Editorial: Keeping company

Iraqi officials are still tallying the votes of the new constitution, but with this milestone comes the lingering question of whether or not the U.S. and coalition forces should begin to withdraw their presence in the region.

Bringing up old arguments of whether or not the United States should have launched the invasion is irrelevant at present. It is obvious that, despite whatever misinformation led to Operation Iraqi Freedom, there remains a significant problem with the country that must be resolved.

The current administration has lectured almost without end that our forces must stay the course and wait until the Iraqi government is in a fully operational state and can manage to control the threat of terrorist activities within their own borders. Even with the eve of a ratification of a constitution for the nation of Iraq, violent actions of insurgent forces seek to shatter the progression of a new era for Iraqi citizens. And even outside of the ongoing clashes, the simple necessities to maintain a stable and functioning country must be addressed.

The Bush administration has consistently held the view that the Iraqis are not yet able to patrol their own people on their own without our assistance. The argument that the insurgency and their terrorist tactics will stop once the U.S. military has vacated is not fully supported, as hardly a week goes by without some attack – either a bomb, mortar or otherwise – on Iraqi police and government establishments. And this does not even begin to include the damage inflicted upon the common citizenry.

Simply put, the United States must continue to stay in Iraq. The terrorists dedicated to defeating the current direction of the Iraqi government, in which many of its own citizens are actively voting and participating, must be stopped. To do this, the ongoing involvement of American troops is required to further train, supply and support an active defensive force that can combat extremism.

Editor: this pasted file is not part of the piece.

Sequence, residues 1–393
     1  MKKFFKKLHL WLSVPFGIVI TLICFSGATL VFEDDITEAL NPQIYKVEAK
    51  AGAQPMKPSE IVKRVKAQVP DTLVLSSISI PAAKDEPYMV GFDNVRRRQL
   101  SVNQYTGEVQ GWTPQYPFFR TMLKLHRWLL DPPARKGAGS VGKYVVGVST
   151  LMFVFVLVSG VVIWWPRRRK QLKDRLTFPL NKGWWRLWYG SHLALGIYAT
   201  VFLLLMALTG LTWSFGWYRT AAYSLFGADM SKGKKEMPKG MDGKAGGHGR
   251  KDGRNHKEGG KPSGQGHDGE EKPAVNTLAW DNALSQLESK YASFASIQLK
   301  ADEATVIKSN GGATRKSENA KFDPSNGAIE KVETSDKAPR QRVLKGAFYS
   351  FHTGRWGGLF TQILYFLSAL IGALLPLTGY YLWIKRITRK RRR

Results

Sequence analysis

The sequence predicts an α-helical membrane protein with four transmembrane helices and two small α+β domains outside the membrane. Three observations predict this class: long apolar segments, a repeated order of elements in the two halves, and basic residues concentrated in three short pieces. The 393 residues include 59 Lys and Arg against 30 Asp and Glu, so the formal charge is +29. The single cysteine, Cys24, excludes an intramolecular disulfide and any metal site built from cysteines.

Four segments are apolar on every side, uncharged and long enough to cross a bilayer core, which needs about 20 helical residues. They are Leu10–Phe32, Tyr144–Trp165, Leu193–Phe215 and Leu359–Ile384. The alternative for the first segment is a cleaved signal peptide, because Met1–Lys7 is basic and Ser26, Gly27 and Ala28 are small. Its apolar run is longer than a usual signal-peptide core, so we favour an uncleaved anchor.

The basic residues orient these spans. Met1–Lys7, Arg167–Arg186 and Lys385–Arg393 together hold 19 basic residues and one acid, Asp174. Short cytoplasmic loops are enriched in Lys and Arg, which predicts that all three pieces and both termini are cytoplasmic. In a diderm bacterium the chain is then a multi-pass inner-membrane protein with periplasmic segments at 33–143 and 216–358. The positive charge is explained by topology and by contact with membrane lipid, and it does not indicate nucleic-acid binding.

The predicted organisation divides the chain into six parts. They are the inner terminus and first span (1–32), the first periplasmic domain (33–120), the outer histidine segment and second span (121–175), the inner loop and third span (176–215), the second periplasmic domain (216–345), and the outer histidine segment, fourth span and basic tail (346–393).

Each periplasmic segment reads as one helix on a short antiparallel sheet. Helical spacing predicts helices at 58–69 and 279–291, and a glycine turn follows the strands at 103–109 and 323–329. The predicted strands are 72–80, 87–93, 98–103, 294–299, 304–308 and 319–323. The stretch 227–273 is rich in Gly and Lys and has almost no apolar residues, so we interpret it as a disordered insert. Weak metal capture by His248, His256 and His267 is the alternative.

The role of the United States in Iraq is to take the burden now and gradually shift it along until this new experiment in democracy can carry such a task. After uprooting the Iraqi sense of law and order, we have a responsibility and duty to instill a new one. But the task of rebuilding does not end with supplying the muscle needed to execute the laws of the land. It must encompass the often preached rhetoric of winning the hearts and minds of the Iraqi people.

All the security in the world will not provide Iraqis with working utilities, education, medical care and employment. The infrastructure of the government has yet to build a stable shell, and the framework for a bustling national economy in the country is crucial. America does not need to walk out on yet another impoverished nation. We must work to rebuild what has been destroyed during the war and also improve living conditions. The old rule of “give it back better than you received it” should be applied with haste.

To cut and run now, after the final votes have been tallied for the Iraqi constitution, would be folly to suggest. The problems are in front of everyone to see, and as a nation we must accept the honor of helping to rebuild a new democracy.